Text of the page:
They also stated that they had queried sixteen auto manufacturers about the strength and mechanics of their seats and asked the companies to relay information about any known injuries or fatalities sustained by seat back collapse accidents over the prior decade. Most of the manufacturers “claimed they sufficiently meet or exceed seat back strength standards,” failing to comment further.
Senators Markey and Blumenthal noted that these automakers “cannot credibly claim that developing seats that do not collapse and kill children is too complicated, while simultaneously touting complex technological advancements of self-driving cars and computer interfaces in dashboards.” However, since manufacturers are not pushing to identify and solve this problem on their own accord, the senators requested that the NHTSA “identify the appropriate adjustments that must be made to seat back strength so that they do not collapse in rear-end collisions and propose those changes in hopes of updating the federal standard.”
What Are We Doing About This Problem?
In their investigation, CBS found that Honda had installed a shield on the recliner rod in one of its later models, which could strengthen the seat and prevent seat back collisions from occurring. Experts estimate that installing this life-saving modification would cost less than ten dollars per vehicle. However, with no update to federal safety standards, manufacturers are not motivated to make change on their own.
Because of this, lawmakers are working to introduce legislation that will update the federal safety standard for car seats. Senators Markey and Blumenthal, recently brought forward the Modernizing Seatback Safety Act, which would require auto manufacturers and the National Highway Transportation Safety Administration (NHTSA) to strengthen seat standards within the next couple of years. Introduced in July of 2020, the Modernizing Seat Back Safety Act states that that thousands of preventable fatalities and serious injuries have occurred due to lax seat safety standards, and that “seat structural failures in passenger motor vehicles pose a significant public health and safety threat” for drivers and their families alike.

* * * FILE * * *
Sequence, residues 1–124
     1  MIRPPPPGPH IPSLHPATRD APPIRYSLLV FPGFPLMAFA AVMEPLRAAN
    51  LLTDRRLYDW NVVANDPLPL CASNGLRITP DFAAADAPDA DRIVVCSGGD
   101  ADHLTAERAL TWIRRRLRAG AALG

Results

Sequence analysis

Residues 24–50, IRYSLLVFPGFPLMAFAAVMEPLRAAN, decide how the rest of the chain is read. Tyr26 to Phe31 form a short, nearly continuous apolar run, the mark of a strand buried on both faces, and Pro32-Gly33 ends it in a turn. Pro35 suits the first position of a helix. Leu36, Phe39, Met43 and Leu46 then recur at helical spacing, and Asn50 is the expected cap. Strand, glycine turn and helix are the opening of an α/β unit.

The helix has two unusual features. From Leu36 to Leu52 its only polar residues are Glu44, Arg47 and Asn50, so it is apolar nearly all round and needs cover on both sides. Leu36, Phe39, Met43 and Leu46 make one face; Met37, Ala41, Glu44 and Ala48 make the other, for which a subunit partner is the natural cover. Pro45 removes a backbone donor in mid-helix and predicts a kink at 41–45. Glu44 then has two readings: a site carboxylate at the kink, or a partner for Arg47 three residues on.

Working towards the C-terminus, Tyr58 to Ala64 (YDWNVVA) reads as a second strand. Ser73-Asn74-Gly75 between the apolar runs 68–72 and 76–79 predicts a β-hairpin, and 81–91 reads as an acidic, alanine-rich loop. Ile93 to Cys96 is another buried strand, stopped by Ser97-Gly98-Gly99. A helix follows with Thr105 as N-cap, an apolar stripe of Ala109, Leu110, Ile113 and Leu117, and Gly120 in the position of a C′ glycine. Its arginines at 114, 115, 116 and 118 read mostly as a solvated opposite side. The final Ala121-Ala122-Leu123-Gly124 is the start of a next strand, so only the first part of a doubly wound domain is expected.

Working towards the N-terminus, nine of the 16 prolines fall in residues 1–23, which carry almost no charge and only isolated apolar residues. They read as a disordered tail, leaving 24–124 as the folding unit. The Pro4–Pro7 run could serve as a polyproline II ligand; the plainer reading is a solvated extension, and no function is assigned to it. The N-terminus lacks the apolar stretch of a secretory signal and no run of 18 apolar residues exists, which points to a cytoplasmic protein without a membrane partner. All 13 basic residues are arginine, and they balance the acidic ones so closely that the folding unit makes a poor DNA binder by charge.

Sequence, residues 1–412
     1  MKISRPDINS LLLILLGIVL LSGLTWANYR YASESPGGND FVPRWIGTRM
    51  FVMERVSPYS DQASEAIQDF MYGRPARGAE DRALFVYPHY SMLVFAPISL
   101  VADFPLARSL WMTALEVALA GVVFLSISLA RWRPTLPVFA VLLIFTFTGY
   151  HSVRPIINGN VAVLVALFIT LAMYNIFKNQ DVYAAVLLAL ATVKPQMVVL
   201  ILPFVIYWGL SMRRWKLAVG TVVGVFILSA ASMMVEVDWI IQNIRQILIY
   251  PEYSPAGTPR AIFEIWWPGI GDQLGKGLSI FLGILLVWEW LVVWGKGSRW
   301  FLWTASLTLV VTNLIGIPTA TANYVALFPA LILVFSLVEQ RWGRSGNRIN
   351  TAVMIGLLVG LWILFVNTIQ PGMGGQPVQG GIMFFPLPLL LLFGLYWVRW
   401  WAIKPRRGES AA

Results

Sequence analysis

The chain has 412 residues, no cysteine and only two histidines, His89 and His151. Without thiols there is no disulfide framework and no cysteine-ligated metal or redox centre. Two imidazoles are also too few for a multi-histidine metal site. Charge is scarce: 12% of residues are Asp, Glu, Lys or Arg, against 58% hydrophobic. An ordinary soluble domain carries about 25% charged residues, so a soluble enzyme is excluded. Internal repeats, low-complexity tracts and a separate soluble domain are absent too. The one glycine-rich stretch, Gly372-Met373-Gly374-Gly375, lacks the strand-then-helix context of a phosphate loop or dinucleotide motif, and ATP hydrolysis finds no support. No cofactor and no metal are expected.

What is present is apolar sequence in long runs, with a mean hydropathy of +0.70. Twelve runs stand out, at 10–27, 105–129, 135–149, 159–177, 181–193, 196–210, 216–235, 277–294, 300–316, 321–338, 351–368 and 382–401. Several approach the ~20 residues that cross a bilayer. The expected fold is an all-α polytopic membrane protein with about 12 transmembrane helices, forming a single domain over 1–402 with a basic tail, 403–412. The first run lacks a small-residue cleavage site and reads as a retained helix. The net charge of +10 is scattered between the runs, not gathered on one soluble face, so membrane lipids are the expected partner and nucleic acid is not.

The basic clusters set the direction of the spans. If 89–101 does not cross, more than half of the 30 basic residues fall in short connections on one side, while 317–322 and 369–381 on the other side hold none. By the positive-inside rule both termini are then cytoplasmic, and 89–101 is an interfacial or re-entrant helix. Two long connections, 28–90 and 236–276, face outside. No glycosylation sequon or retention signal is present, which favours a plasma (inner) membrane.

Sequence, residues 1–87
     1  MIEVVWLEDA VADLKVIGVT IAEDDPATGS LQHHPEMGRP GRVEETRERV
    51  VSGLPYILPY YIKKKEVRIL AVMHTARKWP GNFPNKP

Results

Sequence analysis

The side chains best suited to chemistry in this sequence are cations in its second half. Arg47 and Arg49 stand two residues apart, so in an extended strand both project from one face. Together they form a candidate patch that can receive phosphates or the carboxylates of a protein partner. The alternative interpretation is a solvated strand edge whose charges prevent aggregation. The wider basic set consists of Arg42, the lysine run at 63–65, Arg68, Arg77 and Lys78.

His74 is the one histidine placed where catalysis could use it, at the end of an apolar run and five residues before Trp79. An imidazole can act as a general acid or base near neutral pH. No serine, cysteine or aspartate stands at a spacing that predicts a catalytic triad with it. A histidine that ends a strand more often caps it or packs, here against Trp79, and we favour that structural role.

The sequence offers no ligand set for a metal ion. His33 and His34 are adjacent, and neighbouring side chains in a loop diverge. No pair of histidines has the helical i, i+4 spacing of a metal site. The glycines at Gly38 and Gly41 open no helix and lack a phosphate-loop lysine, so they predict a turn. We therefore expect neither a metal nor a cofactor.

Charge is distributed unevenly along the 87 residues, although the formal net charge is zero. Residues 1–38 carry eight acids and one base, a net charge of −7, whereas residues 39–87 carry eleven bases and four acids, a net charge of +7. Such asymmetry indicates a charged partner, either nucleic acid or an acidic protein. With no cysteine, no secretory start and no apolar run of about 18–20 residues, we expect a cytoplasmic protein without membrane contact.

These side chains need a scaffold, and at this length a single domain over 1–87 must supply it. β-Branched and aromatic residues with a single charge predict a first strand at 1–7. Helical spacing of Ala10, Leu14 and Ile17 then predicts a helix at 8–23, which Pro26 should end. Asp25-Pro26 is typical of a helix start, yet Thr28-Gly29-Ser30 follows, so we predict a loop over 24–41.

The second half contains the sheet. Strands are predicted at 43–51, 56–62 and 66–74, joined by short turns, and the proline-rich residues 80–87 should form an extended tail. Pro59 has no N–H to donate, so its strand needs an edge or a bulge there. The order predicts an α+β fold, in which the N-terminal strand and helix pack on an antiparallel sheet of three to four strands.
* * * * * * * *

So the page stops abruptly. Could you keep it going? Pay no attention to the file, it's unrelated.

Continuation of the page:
In a statement, Senator Markey said that “seat backs are failing because NHTSA is failing to require higher standards,” and that by failing to install safety features, automakers are putting families at risk. The bill, if enacted, would require the Department of Transportation to revise seating safety standards to reduce injury potential and severity in car accidents. The bill offers a two-year deadline from enactment for all parties to reach compliance.
Still, even with the passage of this bill and implementation of safer seat-backs, this will remain an issue for some time. The new regulations would only apply towards newer vehicle models, meaning that the adoption of this technology would be slow as these new, safer vehicles are slowly grandfathered in. Regardless, victims of seat back collapse accidents and safety advocates state that the standard must be amended. “Just because a small number are injured doesn’t mean you shouldn’t do something,” a safety researcher who formerly worked for the NHTSA said. “For the people who are inured, it’s very important.”
If you or a loved one has been injured in an accident involving a defective product, it’s important that you speak with a Products Liability Lawyer today to ensure your rights are protected. Call our Defective Product lawyers today at 713-224-9000, or fill out our contact form here.
Michael S Callahan is an attorney and founder of The Callahan Law Firm. He focuses his practice on representing individuals and families in personal injury cases involving motor vehicle and truck accidents, workplace accidents and defective products. With over 25 years of experience, he is dedicated to fighting on behalf of people whose lives have been forever altered by the negligence and carelessness of corporations and individuals. Originally trained as a mechanical engineer, Michael has been practicing law and fighting for justice for those who need it most since 1994. He is board-certified in Personal Injury Trial Law by the Texas Board of Legal Specialization and a member of various esteemed legal associations. Outside of work, Michael enjoys spending quality time with his family, outdoor activities, and continually striving to improve as a trial lawyer and human being.